Digital transformation present in all kinds of business

Last week, Ho Chi Minh City held an Economic Forum with a focus on developing the digital economy. As one of the major economic, scientific and technical centers of the country, digital transformation has taken place strongly in the southern metropolis for many years with its presence in all kinds of businesses.
Digital transformation present in all kinds of business ảnh 1 An employee of a business store prepares goods for customers to order online (Photo: SGGP)
It can be said that, up to this point, businesspersons have been converting from a traditional model to a modern digital technology application model; therefore, digital transformation has touched every corner of production and business activities in Ho Chi Minh City in particular and the country in general.
Some famous traditional markets in the southern largest city which attract a lot of tourists to visit and shop, such as Ben Thanh in District 1, An Dong in District 5, Binh Tay in District 6, are now quietly waiting for customers. Many stalls in these markets are still closed or operating in moderation at weekends. Ms. Trang Hoang, a small trader specializing in clothing sales at An Dong market, moaned that business is sluggish, she sometimes just sells three or four shirts and a few pairs of pants, the profit is less than VND100,000 a day, not enough to pay employees’ wage, but she doesn’t want to give up as she has stayed in the market for 20 years.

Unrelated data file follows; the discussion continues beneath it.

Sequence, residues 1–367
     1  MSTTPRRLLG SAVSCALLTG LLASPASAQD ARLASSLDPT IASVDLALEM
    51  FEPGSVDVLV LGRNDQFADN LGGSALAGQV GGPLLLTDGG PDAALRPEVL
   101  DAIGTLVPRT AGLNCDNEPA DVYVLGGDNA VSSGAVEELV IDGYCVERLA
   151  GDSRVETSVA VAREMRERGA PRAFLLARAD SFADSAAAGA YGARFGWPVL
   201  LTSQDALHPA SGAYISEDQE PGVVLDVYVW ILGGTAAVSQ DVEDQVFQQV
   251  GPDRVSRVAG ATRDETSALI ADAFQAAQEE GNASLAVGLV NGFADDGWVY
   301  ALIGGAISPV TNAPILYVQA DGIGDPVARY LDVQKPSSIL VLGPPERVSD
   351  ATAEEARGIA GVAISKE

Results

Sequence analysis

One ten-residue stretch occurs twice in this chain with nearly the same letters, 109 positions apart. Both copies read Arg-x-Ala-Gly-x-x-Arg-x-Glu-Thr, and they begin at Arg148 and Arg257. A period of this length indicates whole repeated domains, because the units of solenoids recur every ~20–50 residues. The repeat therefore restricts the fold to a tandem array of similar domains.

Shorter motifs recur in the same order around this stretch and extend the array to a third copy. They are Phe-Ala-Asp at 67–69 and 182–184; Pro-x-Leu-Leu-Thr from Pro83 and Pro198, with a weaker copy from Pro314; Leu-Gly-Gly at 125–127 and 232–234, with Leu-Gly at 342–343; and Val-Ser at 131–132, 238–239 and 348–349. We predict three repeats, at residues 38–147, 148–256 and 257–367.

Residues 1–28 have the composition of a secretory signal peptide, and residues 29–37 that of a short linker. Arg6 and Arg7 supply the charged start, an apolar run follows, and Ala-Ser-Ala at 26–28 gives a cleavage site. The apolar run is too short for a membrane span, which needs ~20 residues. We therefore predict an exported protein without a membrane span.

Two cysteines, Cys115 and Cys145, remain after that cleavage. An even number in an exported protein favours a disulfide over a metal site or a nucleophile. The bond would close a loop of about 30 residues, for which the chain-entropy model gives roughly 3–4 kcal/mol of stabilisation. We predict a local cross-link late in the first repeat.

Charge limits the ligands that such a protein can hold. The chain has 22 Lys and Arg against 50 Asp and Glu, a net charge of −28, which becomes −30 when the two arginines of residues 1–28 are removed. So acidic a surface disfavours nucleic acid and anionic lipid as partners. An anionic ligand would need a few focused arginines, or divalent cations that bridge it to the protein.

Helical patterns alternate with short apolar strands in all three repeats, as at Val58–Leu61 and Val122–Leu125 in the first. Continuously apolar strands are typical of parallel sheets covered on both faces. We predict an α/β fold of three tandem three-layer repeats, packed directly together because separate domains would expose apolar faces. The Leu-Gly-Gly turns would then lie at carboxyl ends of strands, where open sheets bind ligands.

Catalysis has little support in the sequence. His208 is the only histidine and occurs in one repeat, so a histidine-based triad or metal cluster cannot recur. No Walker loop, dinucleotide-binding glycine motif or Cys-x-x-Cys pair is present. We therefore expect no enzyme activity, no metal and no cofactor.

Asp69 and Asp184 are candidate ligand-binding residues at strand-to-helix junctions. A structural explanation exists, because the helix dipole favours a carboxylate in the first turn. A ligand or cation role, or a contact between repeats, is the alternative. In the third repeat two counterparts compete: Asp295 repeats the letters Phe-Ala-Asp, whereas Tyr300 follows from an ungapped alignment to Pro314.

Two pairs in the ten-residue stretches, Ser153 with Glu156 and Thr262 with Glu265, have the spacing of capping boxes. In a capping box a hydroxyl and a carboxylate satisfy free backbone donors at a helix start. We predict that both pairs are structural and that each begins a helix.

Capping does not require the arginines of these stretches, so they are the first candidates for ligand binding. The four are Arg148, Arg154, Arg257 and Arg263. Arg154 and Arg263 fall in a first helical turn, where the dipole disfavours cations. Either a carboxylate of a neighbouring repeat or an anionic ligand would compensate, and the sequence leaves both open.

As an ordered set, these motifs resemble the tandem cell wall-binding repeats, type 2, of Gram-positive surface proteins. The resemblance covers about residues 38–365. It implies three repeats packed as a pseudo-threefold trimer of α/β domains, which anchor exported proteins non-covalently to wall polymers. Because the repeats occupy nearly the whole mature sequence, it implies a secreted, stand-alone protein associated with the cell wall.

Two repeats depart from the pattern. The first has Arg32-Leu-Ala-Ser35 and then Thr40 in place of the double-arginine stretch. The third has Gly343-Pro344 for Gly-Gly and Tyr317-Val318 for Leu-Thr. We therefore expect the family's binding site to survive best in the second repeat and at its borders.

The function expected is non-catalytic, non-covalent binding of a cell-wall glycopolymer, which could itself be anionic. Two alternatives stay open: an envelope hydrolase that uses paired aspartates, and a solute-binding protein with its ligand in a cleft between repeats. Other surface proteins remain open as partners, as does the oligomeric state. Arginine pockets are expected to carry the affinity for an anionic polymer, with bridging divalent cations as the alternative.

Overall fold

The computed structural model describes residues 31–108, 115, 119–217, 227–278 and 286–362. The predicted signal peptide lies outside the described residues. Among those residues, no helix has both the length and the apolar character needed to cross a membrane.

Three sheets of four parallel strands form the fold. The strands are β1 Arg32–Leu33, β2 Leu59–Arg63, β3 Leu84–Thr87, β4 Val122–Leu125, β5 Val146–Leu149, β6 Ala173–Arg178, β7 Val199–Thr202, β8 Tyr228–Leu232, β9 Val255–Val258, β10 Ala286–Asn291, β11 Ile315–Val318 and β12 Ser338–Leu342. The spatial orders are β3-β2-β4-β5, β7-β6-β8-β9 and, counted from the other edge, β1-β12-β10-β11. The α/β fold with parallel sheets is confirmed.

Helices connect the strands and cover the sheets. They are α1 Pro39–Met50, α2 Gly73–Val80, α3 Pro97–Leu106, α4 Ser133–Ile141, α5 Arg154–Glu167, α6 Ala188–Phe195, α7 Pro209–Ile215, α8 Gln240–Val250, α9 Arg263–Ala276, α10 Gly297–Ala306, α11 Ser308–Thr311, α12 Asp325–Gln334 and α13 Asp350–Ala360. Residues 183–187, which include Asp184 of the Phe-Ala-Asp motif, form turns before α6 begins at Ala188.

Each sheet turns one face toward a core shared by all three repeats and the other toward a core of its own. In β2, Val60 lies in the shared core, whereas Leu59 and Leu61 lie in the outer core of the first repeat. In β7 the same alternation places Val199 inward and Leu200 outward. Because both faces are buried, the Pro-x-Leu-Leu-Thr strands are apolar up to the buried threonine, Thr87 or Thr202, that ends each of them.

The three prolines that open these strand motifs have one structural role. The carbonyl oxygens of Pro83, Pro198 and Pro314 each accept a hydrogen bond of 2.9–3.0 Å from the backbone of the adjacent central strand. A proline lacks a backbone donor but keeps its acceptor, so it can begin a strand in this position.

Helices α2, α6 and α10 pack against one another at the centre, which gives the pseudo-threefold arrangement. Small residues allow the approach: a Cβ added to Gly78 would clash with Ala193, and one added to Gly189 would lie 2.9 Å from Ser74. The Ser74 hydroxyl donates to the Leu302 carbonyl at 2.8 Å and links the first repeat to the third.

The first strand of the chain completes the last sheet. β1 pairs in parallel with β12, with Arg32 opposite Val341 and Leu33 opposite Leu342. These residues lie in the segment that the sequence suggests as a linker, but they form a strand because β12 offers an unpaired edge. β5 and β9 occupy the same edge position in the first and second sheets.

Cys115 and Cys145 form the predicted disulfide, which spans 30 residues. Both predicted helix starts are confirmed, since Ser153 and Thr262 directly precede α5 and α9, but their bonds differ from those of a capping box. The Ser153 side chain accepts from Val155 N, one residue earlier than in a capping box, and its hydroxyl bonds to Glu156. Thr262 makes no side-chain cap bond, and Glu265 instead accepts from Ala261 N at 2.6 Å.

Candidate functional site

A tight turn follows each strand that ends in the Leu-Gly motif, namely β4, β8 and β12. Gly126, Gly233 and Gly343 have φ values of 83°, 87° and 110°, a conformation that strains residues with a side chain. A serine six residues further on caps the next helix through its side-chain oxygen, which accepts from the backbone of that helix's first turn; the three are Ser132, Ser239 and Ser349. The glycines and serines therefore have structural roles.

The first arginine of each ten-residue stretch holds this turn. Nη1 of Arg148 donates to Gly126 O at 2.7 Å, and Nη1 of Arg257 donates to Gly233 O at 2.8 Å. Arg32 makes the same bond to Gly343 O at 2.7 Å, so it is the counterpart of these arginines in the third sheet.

Many people think that it is due to the epidemic, but it’s not been so, because when the outbreak of the Covid-19 epidemic has not broken out, businesspersons in traditional markets had faced fierce competition from their peers who have been taking advantage of social networks to sell commodities. At that time, many markets had nearly half a stall compared to before.
Contrary to the severe decline in business in markets, according to market research firm Statista, the value of the e-commerce market in Southeast Asia has increased 24 times in the past six years, from US$5 billion in 2015 to US$120 billion in 2021; furthermore, it is expected to reach US$234 billion in 2025. For Vietnam, the retail e-commerce market is forecasted to grow by 300 percent, from US$13 billion in 2021 to US$39 billion in 2025.
Not only the traditional market, but post offices are also now empty of people to send letters and make phone calls as before. An employee of the District 5 Post Office said that people now call online with pictures via Zalo, Viber, and very few people come to send letters. Thereby, many post offices have to undertake other services such as collecting electricity and water bills to get more income.